Hebrew Highlights 96 Thanksgiving
Shalom, this is Yuval Shomron, coming to you from Jerusalem.
In 1492: Louis de Torres, a Spanish Jew became the first white man to set foot in the Western Hemisphere, when he landed with Christopher Columbus in the West Indies on his first voyage.
In his exploration of the islands, de Torres saw a bird he believed to be a peacock and called it a "tuki,", the Biblical Hebrew word for peacock. Today, that bird is known as a “turkey”, and while native to North America, it is the most popular meat eaten in Israel, year round.
The tradition of Thanksgiving, as Americans celebrate it today, did not originate with the wonderful historical event of the Pilgrims' landing at Plymouth Rock in 1620. The idea of giving thanks for a bountiful fall harvest stems from Biblical times, specifically, to the land of Canaan around 1200 B.C. The Hebrews obeyed God’s command to celebrate a Feast of Tabernacles, so named because the then new immigrants to the land which would become Israel erected tents and booths, using olive, myrtle, and palm branches in the courtyards of their homes in order to remember the former times when they had been a people without a national identity or homeland.
This holiday is found in Deut. 16:13-15, "You shall celebrate the Feast of Booths seven days after you have gathered in from your threshing floor and your wine vat; and you shall rejoice in your feast, you and your son and your daughter and your male and female servants and the Levite and the stranger and the orphan and the widow who are in your towns. "Seven days you shall celebrate a feast to the Lord your God in the place which the Lord chooses, because the Lord your God will bless you in all your produce and in all the work of your hands, so that you shall be altogether joyful.”
Interestingly, if you research the names of the attendees of the first Thanksgiving Feast on America’s shores, you will find, men and women, widows, orphans, sons and daughters.
Pilgrim Edward Winslow described the Pilgrims' Thanksgiving celebration of 1621in these words:
"Our harvest being gotten in, our Governor sent four men on fowling [bird hunting] so that we might, after a special manner, rejoice together after we had gathered the fruit of our labors. They four in one day killed as much fowl as... served the company almost a week... Many of the Indians [came] amongst us and... their greatest King, Massasoit, with some ninety men, whom for three days we entertained and feasted; and they went out and killed five deer, which they brought... And although it be not always so plentiful as it was at this time with us, yet BY THE GOODNESS OF GOD WE ARE... FAR FROM WANT."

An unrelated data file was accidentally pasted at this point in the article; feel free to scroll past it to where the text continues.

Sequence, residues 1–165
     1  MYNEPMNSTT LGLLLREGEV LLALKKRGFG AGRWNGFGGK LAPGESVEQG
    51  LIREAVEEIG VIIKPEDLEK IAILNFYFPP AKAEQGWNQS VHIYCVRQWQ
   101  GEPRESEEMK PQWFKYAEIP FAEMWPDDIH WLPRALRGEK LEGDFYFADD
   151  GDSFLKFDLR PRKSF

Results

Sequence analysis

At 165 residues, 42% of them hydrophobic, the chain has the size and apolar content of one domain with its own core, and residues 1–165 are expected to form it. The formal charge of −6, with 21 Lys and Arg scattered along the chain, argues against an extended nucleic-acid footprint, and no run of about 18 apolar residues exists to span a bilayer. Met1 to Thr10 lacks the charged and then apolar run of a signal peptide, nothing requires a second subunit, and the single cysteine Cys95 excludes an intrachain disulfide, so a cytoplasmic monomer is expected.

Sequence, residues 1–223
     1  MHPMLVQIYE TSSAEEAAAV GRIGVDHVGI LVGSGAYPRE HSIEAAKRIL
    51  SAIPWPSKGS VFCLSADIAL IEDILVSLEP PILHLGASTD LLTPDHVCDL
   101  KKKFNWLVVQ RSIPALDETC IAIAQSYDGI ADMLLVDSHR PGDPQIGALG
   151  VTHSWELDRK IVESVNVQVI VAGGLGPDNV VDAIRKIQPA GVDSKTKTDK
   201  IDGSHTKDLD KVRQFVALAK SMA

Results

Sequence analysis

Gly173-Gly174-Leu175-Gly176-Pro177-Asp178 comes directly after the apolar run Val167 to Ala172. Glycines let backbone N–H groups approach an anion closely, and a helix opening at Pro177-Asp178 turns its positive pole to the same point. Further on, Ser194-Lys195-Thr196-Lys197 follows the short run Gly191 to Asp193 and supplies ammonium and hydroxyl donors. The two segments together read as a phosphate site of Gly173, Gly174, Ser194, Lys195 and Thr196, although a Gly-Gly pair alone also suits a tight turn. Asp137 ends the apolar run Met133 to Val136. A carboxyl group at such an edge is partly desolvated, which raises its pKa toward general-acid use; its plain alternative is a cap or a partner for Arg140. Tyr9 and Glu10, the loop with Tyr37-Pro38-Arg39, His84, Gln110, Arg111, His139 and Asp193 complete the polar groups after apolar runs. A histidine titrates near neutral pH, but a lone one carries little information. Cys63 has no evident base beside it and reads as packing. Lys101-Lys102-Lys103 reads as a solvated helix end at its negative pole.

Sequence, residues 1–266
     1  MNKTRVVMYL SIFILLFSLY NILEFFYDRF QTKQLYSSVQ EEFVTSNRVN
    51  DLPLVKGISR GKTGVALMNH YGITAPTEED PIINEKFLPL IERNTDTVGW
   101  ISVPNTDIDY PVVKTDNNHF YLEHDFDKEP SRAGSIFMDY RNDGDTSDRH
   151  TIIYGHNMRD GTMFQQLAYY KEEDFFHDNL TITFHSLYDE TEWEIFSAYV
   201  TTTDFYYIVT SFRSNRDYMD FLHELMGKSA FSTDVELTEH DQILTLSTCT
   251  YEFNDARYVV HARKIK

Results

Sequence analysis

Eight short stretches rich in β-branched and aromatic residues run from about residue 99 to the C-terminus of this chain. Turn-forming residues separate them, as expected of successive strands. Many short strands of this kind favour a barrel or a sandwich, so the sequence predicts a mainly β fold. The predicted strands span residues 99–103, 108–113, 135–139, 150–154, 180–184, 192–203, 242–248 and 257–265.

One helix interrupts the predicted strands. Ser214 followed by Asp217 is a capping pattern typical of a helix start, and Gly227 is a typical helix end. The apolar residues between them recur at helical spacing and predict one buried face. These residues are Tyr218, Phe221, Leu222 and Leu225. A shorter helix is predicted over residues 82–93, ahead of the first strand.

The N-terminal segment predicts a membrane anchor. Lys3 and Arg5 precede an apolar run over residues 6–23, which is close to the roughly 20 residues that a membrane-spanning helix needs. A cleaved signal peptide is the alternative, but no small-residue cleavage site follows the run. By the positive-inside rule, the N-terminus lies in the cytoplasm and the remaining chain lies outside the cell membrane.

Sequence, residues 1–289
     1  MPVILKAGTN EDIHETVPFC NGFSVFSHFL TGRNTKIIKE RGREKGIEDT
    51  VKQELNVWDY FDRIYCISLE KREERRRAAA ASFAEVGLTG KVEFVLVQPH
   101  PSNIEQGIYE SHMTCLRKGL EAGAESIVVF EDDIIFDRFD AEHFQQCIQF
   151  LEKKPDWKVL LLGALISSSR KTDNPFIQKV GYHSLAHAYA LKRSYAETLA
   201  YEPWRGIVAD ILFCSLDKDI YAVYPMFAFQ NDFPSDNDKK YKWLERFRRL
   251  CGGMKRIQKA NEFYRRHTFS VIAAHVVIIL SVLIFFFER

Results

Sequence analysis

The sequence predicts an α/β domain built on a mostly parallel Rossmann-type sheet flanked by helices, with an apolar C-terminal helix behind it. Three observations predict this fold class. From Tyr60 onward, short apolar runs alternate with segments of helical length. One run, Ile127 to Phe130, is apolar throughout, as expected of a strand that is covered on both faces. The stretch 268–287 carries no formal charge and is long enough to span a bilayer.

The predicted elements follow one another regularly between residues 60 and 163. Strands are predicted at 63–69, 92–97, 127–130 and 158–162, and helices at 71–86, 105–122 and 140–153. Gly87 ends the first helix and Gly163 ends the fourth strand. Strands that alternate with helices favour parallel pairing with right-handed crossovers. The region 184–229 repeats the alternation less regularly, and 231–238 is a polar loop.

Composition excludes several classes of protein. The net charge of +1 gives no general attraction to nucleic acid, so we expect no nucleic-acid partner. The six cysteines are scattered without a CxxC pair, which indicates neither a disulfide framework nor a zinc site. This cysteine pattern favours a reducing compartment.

I find it interesting that the Holiday of Thanksgiving has not suffered the wanton commercialism, which has beset the Christmas season. Try as they may, secular humanists have not managed to erase either God or the family from this great Holy Day!
One of my favorite Thanksgiving passages comes from PSA 116:12-19, “What shall I render to the Lord For all His benefits toward me? I shall lift up the cup of salvation, And call upon the name of the Lord. I shall pay my vows to the Lord, Oh may it be in the presence of all His people. Precious in the sight of the Lord Is the death of His godly ones. O Lord, surely I am Thy servant, I am Thy servant, the son of Thy handmaid, Thou hast loosed my bonds. To Thee I shall offer a sacrifice of thanksgiving, And call upon the name of the Lord. I shall pay my vows to the Lord, Oh may it be in the presence of all His people, In the courts of the Lord's house, In the midst of you, O Jerusalem. Praise the Lord!”
Of course, Thanksgiving should not be confined to any one day, as we see in PHI 4:4-7, “Rejoice in the Lord always; again I will say, rejoice! Let your forbearing spirit be known to all men. The Lord is near. Be anxious for nothing, but in everything by prayer and supplication with thanksgiving let your requests be made known to God. And the peace of God, which surpasses all comprehension, shall guard your hearts and your minds in Christ Jesus.”
Shalom, Shalom from Jerusalem.